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  #46  
Old 02-13-2021, 11:05 AM
jim1960 jim1960 is offline
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Recording a verse >stopping ,,,recording a chorus > stopping ,,, recording another verse > stopping etc. etc.
Hmm... I guess because I'm used to my own method, I didn't take the word "sections" as meaning well-defined starting and stopping points. I assumed that any section would have some lead in and extra material on the backside in order to find the best front and end points to use in the section being addressed.

The way I work is I'll start recording from the beginning and I'll continue each take until I make a mistake. I'll do that 5-6 times and then give a listen and start the comping process to see how far along I am. Then I'll start recording again from a place 4-8 bars behind where I need to pick the song up again. I repeat the process till I have a complete track I'm happy with.

I don't think I could pull it off with hard starts and stops at the beginning and end of each song section. I think it would have too unnatural a feel for me.
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  #47  
Old 02-13-2021, 11:09 AM
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I just see that as a different way of organizing the process. All good input being shared here, nobody's off topic. Thanks, everyone.
I didn't mean to complain :-) it's a conversation, and it goes where it goes. Gluing a few sections together is just a simple form of the bigger picture, and we often get this "is it cheating" discussion around that. I was just commenting on my view of that.
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Old 02-13-2021, 11:21 AM
Brent Hahn Brent Hahn is offline
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I didn't mean to complain :-) it's a conversation, and it goes where it goes. Gluing a few sections together is just a simple form of the bigger picture, and we often get this "is it cheating" discussion around that. I was just commenting on my view of that.
No harm no foul. :-) And I guess that if classical and movie score conductors don't think it's cheating (and I'm an eyewitness that they don't), then neither do I.
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Old 02-13-2021, 11:23 AM
Glennwillow Glennwillow is offline
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I didn't mean to complain :-) it's a conversation, and it goes where it goes. Gluing a few sections together is just a simple form of the bigger picture, and we often get this "is it cheating" discussion around that. I was just commenting on my view of that.
I am so sorry I ever mentioned that word, "cheating."

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Old 02-13-2021, 11:39 AM
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Hmm... I guess because I'm used to my own method, I didn't take the word "sections" as meaning well-defined starting and stopping points. I assumed that any section would have some lead in and extra material on the backside in order to find the best front and end points to use in the section being addressed.

The way I work is I'll start recording from the beginning and I'll continue each take until I make a mistake. I'll do that 5-6 times and then give a listen and start the comping process to see how far along I am. Then I'll start recording again from a place 4-8 bars behind where I need to pick the song up again. I repeat the process till I have a complete track I'm happy with.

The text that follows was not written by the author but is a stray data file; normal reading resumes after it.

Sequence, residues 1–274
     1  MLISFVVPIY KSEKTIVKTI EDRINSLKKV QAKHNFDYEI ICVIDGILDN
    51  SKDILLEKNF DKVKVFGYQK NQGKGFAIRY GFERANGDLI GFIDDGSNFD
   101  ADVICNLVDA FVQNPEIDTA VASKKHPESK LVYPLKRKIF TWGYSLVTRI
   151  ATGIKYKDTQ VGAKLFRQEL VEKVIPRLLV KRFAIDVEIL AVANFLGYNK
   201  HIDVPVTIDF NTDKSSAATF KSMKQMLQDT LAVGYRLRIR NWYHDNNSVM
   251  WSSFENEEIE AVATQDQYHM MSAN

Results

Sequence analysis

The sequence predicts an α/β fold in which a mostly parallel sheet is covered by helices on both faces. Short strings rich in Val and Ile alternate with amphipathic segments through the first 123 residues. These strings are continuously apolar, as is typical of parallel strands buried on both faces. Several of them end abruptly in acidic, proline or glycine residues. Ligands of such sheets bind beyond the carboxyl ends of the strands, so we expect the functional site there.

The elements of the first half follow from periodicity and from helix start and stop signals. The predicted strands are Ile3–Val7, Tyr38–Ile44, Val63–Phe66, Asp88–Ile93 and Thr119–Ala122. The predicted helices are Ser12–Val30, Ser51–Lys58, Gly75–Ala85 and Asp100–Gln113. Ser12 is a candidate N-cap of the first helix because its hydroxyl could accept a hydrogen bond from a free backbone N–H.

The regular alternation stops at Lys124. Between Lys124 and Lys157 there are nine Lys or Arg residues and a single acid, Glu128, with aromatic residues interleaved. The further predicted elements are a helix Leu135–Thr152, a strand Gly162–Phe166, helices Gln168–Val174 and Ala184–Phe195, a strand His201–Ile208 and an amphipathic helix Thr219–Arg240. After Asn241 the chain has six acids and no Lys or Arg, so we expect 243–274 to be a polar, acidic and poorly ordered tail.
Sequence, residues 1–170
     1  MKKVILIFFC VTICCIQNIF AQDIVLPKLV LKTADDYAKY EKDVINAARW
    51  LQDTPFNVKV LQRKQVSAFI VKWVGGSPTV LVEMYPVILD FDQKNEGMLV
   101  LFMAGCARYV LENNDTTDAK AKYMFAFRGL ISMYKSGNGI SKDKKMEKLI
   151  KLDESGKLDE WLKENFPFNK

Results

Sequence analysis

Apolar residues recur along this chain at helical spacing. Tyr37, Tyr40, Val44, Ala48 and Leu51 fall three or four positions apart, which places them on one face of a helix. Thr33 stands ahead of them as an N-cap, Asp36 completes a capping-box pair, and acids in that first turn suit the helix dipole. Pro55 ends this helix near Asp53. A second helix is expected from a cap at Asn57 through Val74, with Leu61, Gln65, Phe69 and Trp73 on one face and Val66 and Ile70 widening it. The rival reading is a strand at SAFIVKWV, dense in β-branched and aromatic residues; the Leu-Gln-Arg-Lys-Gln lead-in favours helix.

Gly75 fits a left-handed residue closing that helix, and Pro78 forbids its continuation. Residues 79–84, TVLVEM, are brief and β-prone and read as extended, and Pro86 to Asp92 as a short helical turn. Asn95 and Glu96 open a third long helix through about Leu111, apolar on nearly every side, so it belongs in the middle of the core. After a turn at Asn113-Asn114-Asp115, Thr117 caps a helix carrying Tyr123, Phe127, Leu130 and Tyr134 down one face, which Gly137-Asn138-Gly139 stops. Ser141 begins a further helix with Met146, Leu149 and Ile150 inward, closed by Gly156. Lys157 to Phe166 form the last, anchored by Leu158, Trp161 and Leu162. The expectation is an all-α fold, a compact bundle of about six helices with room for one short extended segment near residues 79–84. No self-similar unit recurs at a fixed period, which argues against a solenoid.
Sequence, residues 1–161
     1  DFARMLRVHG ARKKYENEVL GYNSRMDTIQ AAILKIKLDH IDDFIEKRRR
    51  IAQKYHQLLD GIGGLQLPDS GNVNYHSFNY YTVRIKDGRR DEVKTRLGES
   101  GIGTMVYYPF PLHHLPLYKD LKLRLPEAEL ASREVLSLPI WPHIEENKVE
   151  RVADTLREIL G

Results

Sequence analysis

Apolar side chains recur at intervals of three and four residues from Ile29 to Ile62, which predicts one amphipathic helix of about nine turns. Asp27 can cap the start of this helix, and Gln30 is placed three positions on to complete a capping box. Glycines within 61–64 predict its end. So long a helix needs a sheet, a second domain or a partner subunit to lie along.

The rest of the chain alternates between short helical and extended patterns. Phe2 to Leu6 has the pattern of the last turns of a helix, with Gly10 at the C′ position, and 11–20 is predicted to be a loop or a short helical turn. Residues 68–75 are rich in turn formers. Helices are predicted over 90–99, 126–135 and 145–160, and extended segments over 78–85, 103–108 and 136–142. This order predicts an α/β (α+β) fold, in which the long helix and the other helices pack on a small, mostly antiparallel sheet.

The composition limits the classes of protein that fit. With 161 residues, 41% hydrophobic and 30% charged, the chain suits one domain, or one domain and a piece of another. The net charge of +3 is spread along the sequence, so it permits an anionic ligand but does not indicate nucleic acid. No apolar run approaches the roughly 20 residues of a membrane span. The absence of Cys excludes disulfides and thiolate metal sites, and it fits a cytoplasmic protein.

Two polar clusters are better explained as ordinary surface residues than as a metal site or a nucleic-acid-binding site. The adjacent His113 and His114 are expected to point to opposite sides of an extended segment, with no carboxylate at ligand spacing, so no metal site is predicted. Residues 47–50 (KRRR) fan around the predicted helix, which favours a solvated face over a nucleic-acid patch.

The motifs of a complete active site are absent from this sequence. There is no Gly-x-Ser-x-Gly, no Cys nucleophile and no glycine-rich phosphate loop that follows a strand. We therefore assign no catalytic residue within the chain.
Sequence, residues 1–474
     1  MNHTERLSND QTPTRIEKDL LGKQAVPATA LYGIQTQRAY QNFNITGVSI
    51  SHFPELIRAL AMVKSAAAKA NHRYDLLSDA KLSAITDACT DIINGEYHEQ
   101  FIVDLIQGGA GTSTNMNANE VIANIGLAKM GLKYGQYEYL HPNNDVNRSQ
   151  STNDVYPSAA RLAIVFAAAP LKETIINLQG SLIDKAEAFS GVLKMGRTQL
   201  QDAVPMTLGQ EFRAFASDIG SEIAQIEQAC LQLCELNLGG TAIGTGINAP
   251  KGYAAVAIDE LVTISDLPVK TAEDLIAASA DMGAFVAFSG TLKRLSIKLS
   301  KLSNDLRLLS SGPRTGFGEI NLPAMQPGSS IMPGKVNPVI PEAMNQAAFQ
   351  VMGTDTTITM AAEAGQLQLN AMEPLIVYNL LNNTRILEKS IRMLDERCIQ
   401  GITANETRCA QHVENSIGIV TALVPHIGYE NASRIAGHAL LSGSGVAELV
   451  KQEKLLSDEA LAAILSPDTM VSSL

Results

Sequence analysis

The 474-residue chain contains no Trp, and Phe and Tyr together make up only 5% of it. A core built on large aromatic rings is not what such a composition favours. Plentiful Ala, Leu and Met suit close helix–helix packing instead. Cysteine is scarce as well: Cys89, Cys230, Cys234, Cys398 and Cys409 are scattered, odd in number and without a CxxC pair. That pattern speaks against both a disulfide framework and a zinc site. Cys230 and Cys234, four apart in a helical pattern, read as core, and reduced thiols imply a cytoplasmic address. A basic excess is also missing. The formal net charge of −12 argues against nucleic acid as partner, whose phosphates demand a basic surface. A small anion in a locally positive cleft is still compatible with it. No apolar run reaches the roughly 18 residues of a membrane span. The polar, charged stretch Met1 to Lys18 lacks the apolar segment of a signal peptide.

I don't think I could pull it off with hard starts and stops at the beginning and end of each song section. I think it would have too unnatural a feel for me.
I simply thought that was what the OP question was about. Could be I assumed it because being a home baked songwriter, and in songwriter circles that is usually meant by sections. Verse, chorus, bridge or AABA etc.
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Old 02-13-2021, 11:42 AM
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No harm no foul. :-) And I guess that if classical and movie score conductors don't think it's cheating (and I'm an eyewitness that they don't), then neither do I.
Yeah, my understanding (with no personal experience) is that the classical world does way, way more of this than, say fingerstyle guitarists like what Bob is asking about. You wouldn't expect it at first thought, but then there's that whole perfection aspect.
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Old 02-13-2021, 12:18 PM
Brent Hahn Brent Hahn is offline
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Yeah, my understanding (with no personal experience) is that the classical world does way, way more of this than, say fingerstyle guitarists like what Bob is asking about. You wouldn't expect it at first thought, but then there's that whole perfection aspect.
That, and with that many players in a less-than-soundproof hall or church playing relatively long pieces, a lot can happen. Besides, the classical folks used to edit a lot even when it was razorblades. So now, with the Undo button, they feel even more free to "explore possibilities."
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Old 02-13-2021, 12:24 PM
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I am so sorry I ever mentioned that word, "cheating."

- Glenn
Absolutely not because itís fair game in this discussion and I appreciate your perspective.
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  #54  
Old 02-13-2021, 01:31 PM
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I didn't take the word "sections" as meaning well-defined starting and stopping points. I assumed that any section would have some lead in and extra material on the backside in order to find the best front and end points to use in the section being addressed.
It's a bit vague, for sure. I'll often record in "sections", as in "I made a mistake in the chorus, so I'll re-record the entire chorus". It's not planned that way ahead of time, but often seems to be the easiest way to break things up. It also seems to allow for the best editing as you have more leeway to find a suitable crossover point.

Other times, though, I will just punch in for a few measures, or even a few notes. It really depends on the type and location of the mistake I want to fix.
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Old 02-13-2021, 02:09 PM